This subcompact Glock pistol was introduced in August of 1994. It is chambered for the 9mmx19 cartridge, most commonly known as 9mm Luger, 9mm Parabellum, or 9mm NATO. The flush fit magazines that these pistols originally came with had a ten round capacity although the newer releases already come with a plus one magazine and grip extension baseplate. Since it was introduced in 1994, all Glock 26 pistols are already Third Generation Glock pistols.

The Glock 26 is a chopped up version of the Glock 19 with most parts in the frame having full drop-in interchangeability with each other. One feature it does not have in common with the larger Glock models is that it does not have a lanyard loop. Being a subcompact pistol, it is meant for concealed carry, either with an inside or outside the waistband holster or pocket holster. The lanyard loop, for the most part, is a feature for service size pistols. The Colt Government model of 1911 for example actually was one of the first semi auto cavalry guns and as it was to be used while riding a horse, it had the lanyard loop to secure it should it fall out while riding.

I have function tested my Glock 26 with most bullet weights of 9mm from 115 gr FMJ to 147 gr Golden Sabres from Remington. It hit point of aim at 20 yards and was particularly accurate with the Golden Sabres. I have not used lead cast bullets as they are a pain to clean, and are not recommended by the Glock shooting community although the jury is still out on the real reason why.

As a concealed carry firearm, the Glock 26 will be a good choice for people who are legally permitted to do so and want a lightweight gun that has a higher amount of firepower as compared to a snub nose .38 Special. Firepower is the amount of energy one can transfer from the launching platform to its target, usually, it has more to do with capacity per reload rather than terminal ballistics or muzzle energy.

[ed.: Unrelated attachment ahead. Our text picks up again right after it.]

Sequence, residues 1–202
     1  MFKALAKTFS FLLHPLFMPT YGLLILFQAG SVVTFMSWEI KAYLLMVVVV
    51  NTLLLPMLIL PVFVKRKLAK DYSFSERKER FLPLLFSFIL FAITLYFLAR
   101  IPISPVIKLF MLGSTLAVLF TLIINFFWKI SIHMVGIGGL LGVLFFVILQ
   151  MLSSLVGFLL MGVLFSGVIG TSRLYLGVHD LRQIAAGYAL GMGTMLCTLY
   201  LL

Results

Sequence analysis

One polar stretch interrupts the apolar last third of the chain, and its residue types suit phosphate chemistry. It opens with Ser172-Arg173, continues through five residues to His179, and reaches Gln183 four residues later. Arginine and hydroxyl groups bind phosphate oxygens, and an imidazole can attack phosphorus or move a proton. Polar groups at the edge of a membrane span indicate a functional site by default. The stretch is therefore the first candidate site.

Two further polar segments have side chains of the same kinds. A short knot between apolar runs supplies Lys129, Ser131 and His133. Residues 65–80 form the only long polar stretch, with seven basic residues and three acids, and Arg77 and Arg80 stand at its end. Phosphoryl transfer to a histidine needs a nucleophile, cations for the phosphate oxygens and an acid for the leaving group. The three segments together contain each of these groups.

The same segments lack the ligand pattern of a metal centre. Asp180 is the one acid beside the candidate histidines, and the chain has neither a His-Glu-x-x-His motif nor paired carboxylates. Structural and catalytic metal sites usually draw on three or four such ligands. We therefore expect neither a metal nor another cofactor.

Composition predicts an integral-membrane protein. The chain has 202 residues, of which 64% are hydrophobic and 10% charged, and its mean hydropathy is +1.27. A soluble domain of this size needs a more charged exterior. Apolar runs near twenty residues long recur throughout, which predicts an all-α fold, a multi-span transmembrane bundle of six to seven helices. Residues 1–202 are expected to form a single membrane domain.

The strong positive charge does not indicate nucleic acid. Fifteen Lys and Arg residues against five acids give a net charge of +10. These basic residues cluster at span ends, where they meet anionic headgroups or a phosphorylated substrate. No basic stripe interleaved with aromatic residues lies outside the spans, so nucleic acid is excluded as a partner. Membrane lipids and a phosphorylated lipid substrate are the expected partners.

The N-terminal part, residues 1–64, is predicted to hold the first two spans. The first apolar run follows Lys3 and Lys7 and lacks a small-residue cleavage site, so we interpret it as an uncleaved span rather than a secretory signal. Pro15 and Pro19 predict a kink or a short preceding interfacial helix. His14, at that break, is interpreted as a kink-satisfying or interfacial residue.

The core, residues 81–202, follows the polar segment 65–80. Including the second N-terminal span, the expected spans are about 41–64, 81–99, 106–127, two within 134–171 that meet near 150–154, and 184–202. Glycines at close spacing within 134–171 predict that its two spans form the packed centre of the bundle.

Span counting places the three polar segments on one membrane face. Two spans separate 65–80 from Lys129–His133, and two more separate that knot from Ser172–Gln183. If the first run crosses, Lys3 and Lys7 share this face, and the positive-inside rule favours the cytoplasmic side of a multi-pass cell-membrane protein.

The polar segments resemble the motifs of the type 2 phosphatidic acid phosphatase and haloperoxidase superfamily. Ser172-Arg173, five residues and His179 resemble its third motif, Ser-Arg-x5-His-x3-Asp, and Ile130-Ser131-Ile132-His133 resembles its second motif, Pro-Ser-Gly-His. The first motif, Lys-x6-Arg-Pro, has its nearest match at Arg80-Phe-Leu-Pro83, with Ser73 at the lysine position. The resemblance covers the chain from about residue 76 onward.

With aftermarket selectors like the Fire Select System for Glocks, you can easily convert this baby glock into a Class III personal defense weapon (PDW) with a drop in selector that switches from full auto and semi auto modes of fire. In full auto, this pistol will cycle at a very high rate of fire that is reported to be close to 900 rpm. Just as an aside, I would like to add some real world information comparing full auto fire and semi auto fire. Using a Glock 19 (Glock 9mm that is between the Glock 17 and Glock 26 in size), a competitor in our team did the El Presidente drill once using semi auto and double taps or hammers, and once with full auto fire. The semi auto runs actually got him better scores, the times to finish the course of fire was similar. Full auto fire is for suppression of multiple threats, it is not for quicker elimination of threats.

The people who say that the m1911a1 and the Browning Hi Power are the most pointable pistols in the world are correct, and these same people are usually the same ones that say that Glocks point "high". They are also correct on that point. This tendency to point high, especially when doing a cirillo index (using an IDPA board as your target draw, point, and fire without using the installed sights - somewhat like a "shoot from the hip" drill) can be somewhat alleviated by having a shorter slide and barrel. The Glock 26 has an extremely short slide and barrel for a pistol chambered in 9mmx19. The only pistol that is shorter is the Kahr PM9 although the Kahr is about US$200.00 more exensive and hasn't been as thoroughly tested or accepted as the Glock. The Kahr seems like a great gun to have but the scarcity of parts should something break is what is keeping some people from buying one. Though Glock 26 still points a bit high, the angle of the grip to the slide allows for less perceived recoil and faster recovery for follow up shots. It is quite comfortable to carry and shoot and is comforting to have under the pillow or by the night stand. With a 33 round magazine inserted and select fire capability, this little pistol that could is the least expensive way of getting oneself a firearm that serves as a PDW in true PDW fashion (small, high firepower, fully automatic). Note though that full auto fire capability makes this a Class III device and must be registered as such, at least in the USA.

Here in my glorious nation, the ministry makes no difference between semi auto pistols and full auto pistols and it is for the greater benefit of my personal safety that this pistol rides with me, along with a larger caliber .45 ACP for bigger threats.

May all your problems be small and quiet.

Sources: glock.com, the US BATF, and wikepedia (yes, I know, "Infidel to E2!").

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